The language recognized by a Turing machine is, by definition, the set of strings it accepts. When an input is given to the machine, it is either accepted or not. Any particular input to that machine ...
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29 votes
Accepted

Can every self-modifying algorithm be modelled by a non-selfmodifying algorithm?

Yes, it's possible. You can simulate the program by using an interpreter for the language it's written in. Now, the program (the interpreter) is fixed and the thing that used to be a self-modifying ...
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28 votes

Why do pushdown automata use a stack?

OmG and Raphael have already answered your question: pushdown automata use a stack because they're defined that way if they didn't use a stack, what you'd get is a different type of automaton, with ...
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  • 4,611
24 votes
Accepted

Is there a physical analogy to the Turing Machine?

Turing machines are one of the "original" Turing-complete computation models, along with the $\lambda$ calculus and the recursively defined recursive functions. Nowadays in many areas of theoretical ...
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24 votes

Can any known sub-Turing-complete model of computation enumerate precisely the set of prime numbers?

There is an important class of primitive recursive functions. Citing Wikipedia, [P]rimitive recursive function is roughly speaking a function that can be computed by a computer program whose loops ...
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23 votes
Accepted

Why is a quantum computer not capable of solving more problems than a classical computer?

Because a quantum computer can be simulated using a classical computer: it's essentially just linear algebra. Given a probability distribution for each of the qubits, you can keep track of how each ...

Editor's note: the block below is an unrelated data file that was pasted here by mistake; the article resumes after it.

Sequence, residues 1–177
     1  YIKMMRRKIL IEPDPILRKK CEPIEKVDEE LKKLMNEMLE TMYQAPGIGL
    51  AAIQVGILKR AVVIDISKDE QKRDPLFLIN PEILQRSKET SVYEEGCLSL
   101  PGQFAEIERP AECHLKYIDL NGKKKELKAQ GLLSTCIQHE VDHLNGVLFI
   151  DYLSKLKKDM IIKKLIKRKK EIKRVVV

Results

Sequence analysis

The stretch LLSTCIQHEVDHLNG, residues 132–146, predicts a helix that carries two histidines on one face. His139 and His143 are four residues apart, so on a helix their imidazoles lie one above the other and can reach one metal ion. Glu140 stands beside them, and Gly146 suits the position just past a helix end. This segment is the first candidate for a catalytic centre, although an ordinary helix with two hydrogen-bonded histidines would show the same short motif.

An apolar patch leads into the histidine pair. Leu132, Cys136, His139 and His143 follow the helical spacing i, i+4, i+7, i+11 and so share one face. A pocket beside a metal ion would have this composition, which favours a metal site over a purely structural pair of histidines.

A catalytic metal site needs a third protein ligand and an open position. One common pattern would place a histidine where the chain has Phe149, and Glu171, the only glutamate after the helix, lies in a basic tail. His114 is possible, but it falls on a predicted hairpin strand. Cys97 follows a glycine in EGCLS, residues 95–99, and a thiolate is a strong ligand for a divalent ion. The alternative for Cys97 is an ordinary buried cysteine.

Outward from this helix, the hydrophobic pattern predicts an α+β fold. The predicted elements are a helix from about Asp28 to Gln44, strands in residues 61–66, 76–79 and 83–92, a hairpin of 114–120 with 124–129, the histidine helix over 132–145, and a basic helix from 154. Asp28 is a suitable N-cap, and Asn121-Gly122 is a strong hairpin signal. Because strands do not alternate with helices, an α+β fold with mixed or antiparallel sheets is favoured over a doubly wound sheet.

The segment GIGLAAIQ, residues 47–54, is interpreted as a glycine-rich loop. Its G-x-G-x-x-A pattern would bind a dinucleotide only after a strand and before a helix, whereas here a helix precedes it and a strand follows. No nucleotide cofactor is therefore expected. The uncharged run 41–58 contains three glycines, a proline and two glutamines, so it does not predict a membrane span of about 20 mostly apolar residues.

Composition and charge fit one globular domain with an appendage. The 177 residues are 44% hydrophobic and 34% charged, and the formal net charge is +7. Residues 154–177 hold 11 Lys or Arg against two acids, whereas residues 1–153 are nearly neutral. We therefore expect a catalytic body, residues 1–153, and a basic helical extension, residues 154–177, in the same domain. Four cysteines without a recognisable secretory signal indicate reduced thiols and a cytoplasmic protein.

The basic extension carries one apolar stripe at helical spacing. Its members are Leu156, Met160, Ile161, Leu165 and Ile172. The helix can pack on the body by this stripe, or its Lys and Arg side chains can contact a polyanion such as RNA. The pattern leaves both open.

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23 votes

Is a Turing Machine "by definition" the most powerful machine?

That "anything that is solvable can be represented by an algorithm" is not obvious, at all. This has been the object of intense debate, since Alan Turing, reworking ideas of Alonzo Church, proposed ...
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23 votes

How is algorithm complexity modeled for functional languages?

Algorithm complexity is designed to be independent of lower level details. No, not really. We always count elementary operations in some machine model: Steps for Turing machines. Basic operations on ...
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  • 70.8k
21 votes
Accepted

Why are Linearly Bounded Turing Machines more powerful than Finite State Automata?

The linear bounded Turing machine is restricted to a tape whose length is a linear function of the length of the input. If the length limit were a constant, then the machine would be no more powerful ...
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20 votes

What did Turing mean when saying that "machines cannot give rise to surprises" is due to a fallacy?

Just an example - given chess rules, anyone should immediately figure the best strategy to play chess. Of course, it doesn't work. Even people aren't equal, and computers may outperform us due to ...
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20 votes

How Turing Machine Can Never Stop?

Step 3 could be phrased more properly as "If M has already stopped by the time we get to N steps, accept". Does that help to clarify?
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19 votes

Is a Turing Machine "by definition" the most powerful machine?

First, it is important to keep in mind that Turing Machines were initially devised by Turing not as a model of any type of physically realizable computer but rather as an ideal limit to what is ...
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17 votes

Could the Halting Problem be "resolved" by escaping to a higher-level description of computation?

Well, you can always consider a Turing machine equipped with an oracle for the ordinary Turing machine halting problem. That is, your new machine has a special tape, onto which it can write the ...
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17 votes

Is there anything that MUST be done on a multi-core CPU?

As other answers have pointed out, a single CPU can always emulate multiple CPUs by slicing time and playing the role of each virtual CPU. This emulation will certainly calculate the correct answers. ...
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  • 832
17 votes

Why is the Turing Machine a popular model of computation?

The underlying significance is about the idea of Turing-equivalence. The exact model isn't important, as long as it is Turing-equivalent. But it's better to use a simpler model so you could prove ...